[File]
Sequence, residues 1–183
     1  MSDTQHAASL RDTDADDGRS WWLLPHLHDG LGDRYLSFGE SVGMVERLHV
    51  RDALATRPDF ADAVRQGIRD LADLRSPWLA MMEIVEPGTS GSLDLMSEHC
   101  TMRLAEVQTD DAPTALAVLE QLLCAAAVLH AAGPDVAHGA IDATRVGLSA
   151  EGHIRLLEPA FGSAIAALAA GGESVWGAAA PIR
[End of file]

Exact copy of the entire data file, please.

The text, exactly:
Sequence, residues 1–183
     1  MSDTQHAASL RDTDADDGRS WWLLPHLHDG LGDRYLSFGE SVGMVERLHV
    51  RDALATRPDF ADAVRQGIRD LADLRSPWLA MMEIVEPGTS GSLDLMSEHC
   101  TMRLAEVQTD DAPTALAVLE QLLCAAAVLH AAGPDVAHGA IDATRVGLSA
   151  EGHIRLLEPA FGSAIAALAA GGESVWGAAA PIR